I met my husband thirty-nine years ago before he was my husband. He was just a quiet airman about to turn twenty-one and I was a quiet piano player about to become a high school junior.  It’s amazing we ever said hello, both of us being so quiet like that and all. Boy, was he surprised when he found out I was sixteen. He thought I was older than him.
We fell in love and soon he called his parents to tell them about me. I was shyly listening in on the other line. Okay, I was eavesdropping. They lived two thousand safe miles away and I was still afraid to say ‘hello.’
“You kind of robbed the cradle there, didn’t you, Son?” his dad said. 

I can’t blame him for reacting like that. He probably thought I was just after Rob’s penny candy money. I proved myself to him, though. Rob got orders for Germany within the year and for eighteen months after that we dated by mail. We stayed true to each other and took our vows two weeks after he was discharged. He wouldn’t marry me til I finished high school and I wouldn’t marry him til he got out of the Air Force. See, I wanted him to get a real job so I wouldn’t worry about becoming the widow of a soldier. That’s why he became a firefighter—because it was safer.
So, next summer we’ll celebrate forty years of knowing each other.  I don’t think I’ve heard of a record like that since my grandparents had been married for forty years. And I might not have even been born back then.  I’m younger than I look, you know.
Growing older is weird. Having an empty nest is weird, too. One minute you’re up to your ears in diapers and bottles and Band-Aids and boogers, and the next you’re shelling out money for college and weddings. It’s all go, go, go! from the minute your water breaks until they all move out and your heart breaks. There you stand in the middle of all the tulle and cake crumbs and empty chairs and wave good-bye to your kids and your parenting career—all in one split second.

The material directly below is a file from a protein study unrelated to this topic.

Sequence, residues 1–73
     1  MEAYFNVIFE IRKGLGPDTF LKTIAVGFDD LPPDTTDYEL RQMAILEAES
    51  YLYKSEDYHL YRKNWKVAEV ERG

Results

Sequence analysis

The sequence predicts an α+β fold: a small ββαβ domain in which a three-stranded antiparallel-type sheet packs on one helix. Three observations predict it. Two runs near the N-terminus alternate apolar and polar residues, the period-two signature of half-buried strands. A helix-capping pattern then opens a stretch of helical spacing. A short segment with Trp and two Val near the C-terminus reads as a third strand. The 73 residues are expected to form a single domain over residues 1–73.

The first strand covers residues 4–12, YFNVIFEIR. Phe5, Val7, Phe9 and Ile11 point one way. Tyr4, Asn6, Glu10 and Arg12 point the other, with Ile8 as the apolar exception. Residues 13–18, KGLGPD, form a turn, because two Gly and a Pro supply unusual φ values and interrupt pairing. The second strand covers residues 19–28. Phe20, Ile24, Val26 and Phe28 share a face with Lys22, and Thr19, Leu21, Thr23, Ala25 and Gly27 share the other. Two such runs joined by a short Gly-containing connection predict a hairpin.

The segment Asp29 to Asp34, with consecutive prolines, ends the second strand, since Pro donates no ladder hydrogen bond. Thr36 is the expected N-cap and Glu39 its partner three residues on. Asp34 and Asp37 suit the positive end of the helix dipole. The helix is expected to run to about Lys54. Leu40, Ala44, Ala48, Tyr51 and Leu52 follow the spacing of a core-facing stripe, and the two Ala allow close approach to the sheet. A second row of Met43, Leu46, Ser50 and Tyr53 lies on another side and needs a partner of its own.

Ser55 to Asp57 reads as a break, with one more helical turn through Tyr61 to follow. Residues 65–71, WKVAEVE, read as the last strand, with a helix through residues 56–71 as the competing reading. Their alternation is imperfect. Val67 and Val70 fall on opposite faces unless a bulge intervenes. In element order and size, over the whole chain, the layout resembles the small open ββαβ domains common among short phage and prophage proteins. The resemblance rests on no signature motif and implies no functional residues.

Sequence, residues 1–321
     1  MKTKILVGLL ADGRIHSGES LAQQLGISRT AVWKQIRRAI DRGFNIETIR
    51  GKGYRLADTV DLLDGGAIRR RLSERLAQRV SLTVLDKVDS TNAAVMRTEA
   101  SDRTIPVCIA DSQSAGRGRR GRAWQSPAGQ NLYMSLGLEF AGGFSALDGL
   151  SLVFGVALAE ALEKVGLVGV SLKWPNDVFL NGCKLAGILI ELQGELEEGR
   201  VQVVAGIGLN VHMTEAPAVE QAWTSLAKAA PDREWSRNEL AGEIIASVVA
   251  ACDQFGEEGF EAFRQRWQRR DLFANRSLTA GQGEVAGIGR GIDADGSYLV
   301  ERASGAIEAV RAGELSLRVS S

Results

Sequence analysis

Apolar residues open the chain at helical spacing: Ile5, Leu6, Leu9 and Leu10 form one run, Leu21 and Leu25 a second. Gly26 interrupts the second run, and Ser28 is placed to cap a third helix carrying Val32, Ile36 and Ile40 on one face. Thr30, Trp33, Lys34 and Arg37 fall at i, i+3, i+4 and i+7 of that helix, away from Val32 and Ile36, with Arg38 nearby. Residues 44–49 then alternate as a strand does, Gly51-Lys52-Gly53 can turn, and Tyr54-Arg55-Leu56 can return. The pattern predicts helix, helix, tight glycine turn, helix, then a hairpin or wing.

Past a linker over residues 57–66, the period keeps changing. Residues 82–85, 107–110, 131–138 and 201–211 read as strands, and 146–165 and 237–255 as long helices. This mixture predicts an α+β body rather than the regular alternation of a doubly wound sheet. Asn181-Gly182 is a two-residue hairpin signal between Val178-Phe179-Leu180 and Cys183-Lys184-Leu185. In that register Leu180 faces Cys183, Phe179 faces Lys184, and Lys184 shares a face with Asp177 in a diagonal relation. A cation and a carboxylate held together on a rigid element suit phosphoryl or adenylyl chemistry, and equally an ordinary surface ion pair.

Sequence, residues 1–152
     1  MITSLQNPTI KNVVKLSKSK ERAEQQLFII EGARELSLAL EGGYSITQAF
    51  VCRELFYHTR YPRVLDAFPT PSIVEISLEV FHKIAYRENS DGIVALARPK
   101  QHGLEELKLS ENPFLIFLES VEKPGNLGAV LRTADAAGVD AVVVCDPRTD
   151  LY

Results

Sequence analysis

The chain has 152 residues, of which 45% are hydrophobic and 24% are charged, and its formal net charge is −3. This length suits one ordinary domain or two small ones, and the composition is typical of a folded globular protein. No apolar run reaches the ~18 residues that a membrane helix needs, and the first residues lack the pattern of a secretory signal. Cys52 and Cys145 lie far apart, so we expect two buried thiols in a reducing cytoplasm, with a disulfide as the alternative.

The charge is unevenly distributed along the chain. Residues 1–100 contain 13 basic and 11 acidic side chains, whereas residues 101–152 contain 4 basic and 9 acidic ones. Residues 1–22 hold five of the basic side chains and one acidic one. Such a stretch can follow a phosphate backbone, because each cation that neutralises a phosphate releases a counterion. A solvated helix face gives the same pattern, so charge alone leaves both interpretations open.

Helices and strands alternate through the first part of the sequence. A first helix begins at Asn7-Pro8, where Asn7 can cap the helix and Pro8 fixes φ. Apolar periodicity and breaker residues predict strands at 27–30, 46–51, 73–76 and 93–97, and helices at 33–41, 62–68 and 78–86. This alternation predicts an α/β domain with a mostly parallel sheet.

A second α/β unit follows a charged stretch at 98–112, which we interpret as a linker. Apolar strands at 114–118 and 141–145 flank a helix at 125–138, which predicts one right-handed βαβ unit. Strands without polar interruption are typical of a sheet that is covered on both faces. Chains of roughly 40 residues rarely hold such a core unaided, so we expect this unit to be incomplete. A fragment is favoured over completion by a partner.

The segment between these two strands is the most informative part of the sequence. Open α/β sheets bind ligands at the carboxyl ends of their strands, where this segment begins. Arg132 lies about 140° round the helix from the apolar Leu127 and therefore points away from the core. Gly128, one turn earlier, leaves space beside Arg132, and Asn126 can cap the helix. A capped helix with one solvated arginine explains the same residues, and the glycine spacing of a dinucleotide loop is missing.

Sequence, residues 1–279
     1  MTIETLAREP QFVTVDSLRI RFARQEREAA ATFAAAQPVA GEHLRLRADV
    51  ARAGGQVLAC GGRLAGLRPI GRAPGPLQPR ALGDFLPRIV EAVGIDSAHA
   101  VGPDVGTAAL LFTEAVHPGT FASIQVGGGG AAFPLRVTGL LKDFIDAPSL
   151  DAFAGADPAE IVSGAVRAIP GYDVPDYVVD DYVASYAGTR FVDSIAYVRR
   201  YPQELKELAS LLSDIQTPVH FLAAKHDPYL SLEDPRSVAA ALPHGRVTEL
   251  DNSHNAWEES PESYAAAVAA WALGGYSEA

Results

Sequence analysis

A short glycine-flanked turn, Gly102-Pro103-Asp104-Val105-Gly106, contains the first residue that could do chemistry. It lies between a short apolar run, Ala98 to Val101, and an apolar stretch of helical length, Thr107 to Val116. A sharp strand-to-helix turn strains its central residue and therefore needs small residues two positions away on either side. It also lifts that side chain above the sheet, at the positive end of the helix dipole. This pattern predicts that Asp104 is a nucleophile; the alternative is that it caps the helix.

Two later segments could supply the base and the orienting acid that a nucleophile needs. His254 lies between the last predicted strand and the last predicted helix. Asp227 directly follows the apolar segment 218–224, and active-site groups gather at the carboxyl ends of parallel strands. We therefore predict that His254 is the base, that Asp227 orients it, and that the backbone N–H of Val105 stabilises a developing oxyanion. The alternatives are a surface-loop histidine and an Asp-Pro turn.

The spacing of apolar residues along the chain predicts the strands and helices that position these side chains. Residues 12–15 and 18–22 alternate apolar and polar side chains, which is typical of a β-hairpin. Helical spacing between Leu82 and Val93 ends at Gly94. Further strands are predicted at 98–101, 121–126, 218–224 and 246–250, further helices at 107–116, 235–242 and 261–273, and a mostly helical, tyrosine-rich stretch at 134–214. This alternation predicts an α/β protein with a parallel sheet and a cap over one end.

It’s quite a night. And quite a change.
After a few years, of course, if your kids are practical and traditional like you were, they’ll get a little settled into their own marriages and give you some grandbabies. Grandbabies are the reason old people like us keep trying to stay young—so we can help them gang up on their parents. Grandbabies think grandparents are the best thing since popsicles and we think grandbabies are better than popsicles.
It’s just one big mutual admiration society.
But there’s a big difference between being a parent and being a grandparent.  Energy. Old people like us don’t have any. That’s why we buy it now from the Power and Light Company. Now young people—they have too much energy. That’s the reason places like Cancun and Lake Havasu can stay in business. There’s only one way to rein in all that hormonal hyperactivity—hand those party animals a couple of kids to take care of. I’m tellin’ ya, after a few months of midnight feedings and all night colic, young people like them turn into old people like us and the world is fair again.